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The equation of the diagonal line is $y-y_1=\frac{y_1-y_2}{x_1-x_2}(x-x_1)$, i.e. $y=\frac{y_1-y_2}{x_1-x_2}(x-x_1)+y_1$ So, the $x$ coordinate of the upper point satisfies $$75=\frac{y_1-y_2}{x_1-x_2}(x-x_1)+y_1$$ and the $x$ coordinate of the lower point satisfies $$25=\frac{y_1-y_2}{x_1-x_2}(x-x_1)+y_1.$$ Now you can solve these for $x$.


I assume that, as in the question you linked to, the rectangle can have any orientation and is not limited to horizontal/vertical sides. There are infinitely many rectangles that have two given points as opposite vertices: a third vertex can be any point on the circle that has those two points as the ends of a diameter. A point outside that circle will be ...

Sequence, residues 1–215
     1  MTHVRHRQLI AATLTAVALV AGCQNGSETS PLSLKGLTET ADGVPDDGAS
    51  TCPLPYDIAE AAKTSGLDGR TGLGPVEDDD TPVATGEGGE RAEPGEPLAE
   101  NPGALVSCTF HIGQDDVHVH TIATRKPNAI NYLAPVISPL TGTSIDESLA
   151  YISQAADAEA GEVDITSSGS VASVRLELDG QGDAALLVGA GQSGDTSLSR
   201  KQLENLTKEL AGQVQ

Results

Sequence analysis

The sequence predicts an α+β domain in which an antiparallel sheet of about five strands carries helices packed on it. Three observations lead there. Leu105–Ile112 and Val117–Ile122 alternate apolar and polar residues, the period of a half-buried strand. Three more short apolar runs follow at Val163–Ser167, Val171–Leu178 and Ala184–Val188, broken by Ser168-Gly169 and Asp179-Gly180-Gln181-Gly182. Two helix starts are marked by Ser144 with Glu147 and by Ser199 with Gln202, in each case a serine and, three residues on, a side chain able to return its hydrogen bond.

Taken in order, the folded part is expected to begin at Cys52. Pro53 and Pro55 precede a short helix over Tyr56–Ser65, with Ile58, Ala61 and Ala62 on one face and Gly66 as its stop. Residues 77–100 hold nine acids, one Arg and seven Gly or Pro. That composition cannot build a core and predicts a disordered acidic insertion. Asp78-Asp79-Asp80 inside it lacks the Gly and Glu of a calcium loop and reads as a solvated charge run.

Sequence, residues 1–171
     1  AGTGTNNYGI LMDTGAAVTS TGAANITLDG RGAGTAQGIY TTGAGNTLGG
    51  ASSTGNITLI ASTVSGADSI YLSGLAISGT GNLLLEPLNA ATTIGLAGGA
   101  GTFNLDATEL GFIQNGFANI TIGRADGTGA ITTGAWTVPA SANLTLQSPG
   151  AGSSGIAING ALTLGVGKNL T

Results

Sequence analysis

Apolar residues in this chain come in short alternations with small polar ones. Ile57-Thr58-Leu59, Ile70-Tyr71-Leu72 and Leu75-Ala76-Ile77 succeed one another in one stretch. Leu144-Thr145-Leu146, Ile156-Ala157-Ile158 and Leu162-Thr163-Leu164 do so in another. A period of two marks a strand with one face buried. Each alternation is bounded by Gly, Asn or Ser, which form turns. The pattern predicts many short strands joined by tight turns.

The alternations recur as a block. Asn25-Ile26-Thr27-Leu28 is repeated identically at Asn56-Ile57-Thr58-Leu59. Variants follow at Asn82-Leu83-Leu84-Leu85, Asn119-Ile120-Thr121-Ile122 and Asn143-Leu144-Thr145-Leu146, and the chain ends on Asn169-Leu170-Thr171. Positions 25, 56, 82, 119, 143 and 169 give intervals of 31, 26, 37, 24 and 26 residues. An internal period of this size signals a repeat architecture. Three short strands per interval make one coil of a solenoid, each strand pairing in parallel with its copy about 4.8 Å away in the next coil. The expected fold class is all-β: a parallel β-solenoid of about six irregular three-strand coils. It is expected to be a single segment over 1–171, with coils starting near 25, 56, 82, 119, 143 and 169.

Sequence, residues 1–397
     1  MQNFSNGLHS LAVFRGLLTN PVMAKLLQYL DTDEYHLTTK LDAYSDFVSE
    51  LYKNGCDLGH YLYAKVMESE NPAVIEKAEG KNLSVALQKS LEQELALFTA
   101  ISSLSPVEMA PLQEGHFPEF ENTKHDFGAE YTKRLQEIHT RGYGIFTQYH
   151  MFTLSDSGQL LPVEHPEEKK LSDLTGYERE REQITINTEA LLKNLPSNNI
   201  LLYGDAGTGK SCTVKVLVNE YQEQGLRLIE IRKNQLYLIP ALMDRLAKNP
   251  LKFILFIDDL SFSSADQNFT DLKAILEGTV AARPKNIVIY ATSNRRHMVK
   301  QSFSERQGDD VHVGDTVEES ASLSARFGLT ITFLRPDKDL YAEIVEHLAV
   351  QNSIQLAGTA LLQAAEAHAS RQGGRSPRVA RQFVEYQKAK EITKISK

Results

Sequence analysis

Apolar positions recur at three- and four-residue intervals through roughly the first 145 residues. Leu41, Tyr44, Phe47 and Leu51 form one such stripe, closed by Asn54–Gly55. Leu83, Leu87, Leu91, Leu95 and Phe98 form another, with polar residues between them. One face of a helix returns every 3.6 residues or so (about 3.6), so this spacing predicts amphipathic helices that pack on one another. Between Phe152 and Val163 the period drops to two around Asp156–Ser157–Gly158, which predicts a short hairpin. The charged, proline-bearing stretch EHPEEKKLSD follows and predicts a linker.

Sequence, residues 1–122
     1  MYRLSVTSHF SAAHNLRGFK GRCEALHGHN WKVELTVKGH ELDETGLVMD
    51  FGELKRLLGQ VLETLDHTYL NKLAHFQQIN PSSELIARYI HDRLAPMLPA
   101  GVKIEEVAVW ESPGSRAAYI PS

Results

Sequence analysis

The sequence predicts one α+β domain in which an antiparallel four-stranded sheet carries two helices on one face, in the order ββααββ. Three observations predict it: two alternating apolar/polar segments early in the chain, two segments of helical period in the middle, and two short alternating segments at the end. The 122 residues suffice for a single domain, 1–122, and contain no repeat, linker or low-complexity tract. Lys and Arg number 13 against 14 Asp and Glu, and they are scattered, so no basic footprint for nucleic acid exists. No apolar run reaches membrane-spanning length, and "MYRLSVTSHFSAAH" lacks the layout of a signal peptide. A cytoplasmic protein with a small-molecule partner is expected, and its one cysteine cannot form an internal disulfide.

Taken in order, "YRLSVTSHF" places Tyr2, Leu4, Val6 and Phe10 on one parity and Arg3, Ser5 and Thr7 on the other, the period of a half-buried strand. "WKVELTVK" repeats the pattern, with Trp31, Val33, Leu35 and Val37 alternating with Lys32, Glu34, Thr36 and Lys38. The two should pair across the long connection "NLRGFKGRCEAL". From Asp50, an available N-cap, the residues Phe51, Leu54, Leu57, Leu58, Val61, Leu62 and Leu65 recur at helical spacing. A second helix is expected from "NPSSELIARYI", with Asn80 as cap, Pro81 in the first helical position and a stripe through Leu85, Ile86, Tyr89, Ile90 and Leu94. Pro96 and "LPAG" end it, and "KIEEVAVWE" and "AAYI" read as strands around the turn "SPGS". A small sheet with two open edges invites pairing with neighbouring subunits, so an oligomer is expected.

Let me try to answer this question. According to H.R. Tiwary, "On the hardness of computing intersection, union and Minkowski sum of polytopes". Discrete & Computational Geometry, p. 469–479, 2008 the problem of enumerating all rows of the matrix representing $H_1\oplus H_2$ is NP-hard. So: No, there is no explicit relation between the ...


It is the d-dimensional (real) euclidean hyper-plane $\mathbb{R}^d$

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